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A beautiful destination

sunny 85 °F


This blog combines two days as the trip up to St. Augustine from Cocoa was uneventful. We pulled into the St. Augustine Elks Lodge in the early afternoon. It is a large, active club with 1,300+ members. They recently up-graded their RV park with new 50 amp power outlets, something important to larger RV's as they enable both a/c units to operate. A single a/c unit in the FL heat does not do the job. After getting set up we headed into town and discovered a charming historic district. St. Augustine dates back to 1565, our nation's oldest city. The city has done a wonderful job in preserving its history. There are numerous museums, the old Spanish fort which protected the city from pirates, the English, and profiteers. The Spanish Empire lasted nearly 300 years and St. Augustine was ideally located on the 30th parallel. Early mariners discovered that navigating this parallel by sextant brought them across the Atlantic Ocean to the shores of America utilizing the trade winds to push their sails. The sailing ships loaded with gold, silver, and jewels from Central & South America would rendezvous at St. Augustine, protected by the fort's cannons, to begin their journey back across the ocean with their treasures, to Spain.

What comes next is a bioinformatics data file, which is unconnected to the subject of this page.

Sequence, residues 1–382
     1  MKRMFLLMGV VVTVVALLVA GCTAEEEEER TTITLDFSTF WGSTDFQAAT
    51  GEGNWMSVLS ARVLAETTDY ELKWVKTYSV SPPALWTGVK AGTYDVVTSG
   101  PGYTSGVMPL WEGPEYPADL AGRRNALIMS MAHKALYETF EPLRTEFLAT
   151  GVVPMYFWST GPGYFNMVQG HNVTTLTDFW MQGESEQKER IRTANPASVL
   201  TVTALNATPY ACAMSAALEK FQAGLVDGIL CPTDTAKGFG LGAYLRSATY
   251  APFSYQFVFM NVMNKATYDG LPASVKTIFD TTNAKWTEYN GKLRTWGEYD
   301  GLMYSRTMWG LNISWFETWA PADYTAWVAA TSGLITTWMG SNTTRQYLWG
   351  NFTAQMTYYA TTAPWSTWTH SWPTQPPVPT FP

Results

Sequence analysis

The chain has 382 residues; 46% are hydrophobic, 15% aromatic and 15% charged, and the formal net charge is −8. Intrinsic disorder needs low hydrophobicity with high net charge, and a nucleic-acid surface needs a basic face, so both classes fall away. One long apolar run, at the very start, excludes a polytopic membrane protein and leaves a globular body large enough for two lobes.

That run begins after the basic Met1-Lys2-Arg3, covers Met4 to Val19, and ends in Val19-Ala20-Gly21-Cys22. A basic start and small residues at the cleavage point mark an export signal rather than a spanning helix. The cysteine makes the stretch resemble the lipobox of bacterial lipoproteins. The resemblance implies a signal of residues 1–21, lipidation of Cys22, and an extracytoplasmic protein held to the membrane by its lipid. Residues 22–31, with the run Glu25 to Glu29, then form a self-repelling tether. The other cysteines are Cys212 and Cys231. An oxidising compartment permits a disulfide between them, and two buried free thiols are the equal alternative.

Another chapter in St. Augustine's life is the development of the area as a tourist destination. In the 'Guilded Age' of the 1880's & '90's a man, Henry Flagler came to the small town of St. Augustine. He was a man of great wealth accumulated in a partnership with John D. Rockefeller of Standard Oil Co. fame.
He owned railroads and saw an opportunity to expand his railroads to Florida to create a southern 'Newport' for the wealthy northerners to stay during the cold northern winter months. To achieve this he bought a number of small rail lines along the eastern seaboard, standardized the rail gauges to 39 1/2" (today's std.) so his trains could travel non-stop from New York to Florida. Flagler embarked upon building a luxury hotel, named the Hotel Ponce De Leon, with two firsts, running water and electricity in every room. Before the construction was complete a long waiting list of patrons developed. Flagler, then started construction on another hotel, 'The Alcazar' across the street and both buildings were finished about the same time. His venture became an instant success. Concurrently, he worked with community leaders to build or refurbish 3 churches, a Presbyterian, a Methodist, and a Catholic church. A Baptist church soon followed. Flagler continued his facination with Florida and continued building his rail lines further south to the Florida Keys and Key West and with it a string of hotels. His railroad brought an unlimited number of northern guests to fill his hotels.
Facinated by the story, I bought 2 books on Henry Flagler, the man and his entrepreneurship. Any further info I learn I will pass along in this silly blog.
We found, among the many restaurants, a place called 'Harry's' Seafood Bar & Grill', and learned after that it is one of the most popular establishments in St. Augustine. We ate there on night #1, then returned hot & tired after a day long tour of the city in day#2. Great food and wine!

Tomorrow, we will head toward Perry, GA skipping Amelia Island due to time contsraints as we have to be in Minneapolis/St. Paul for Pat's granddaughter's birthday on the 20th.


Posted by dixter 05:59 Archived in USA Tagged st. augustine

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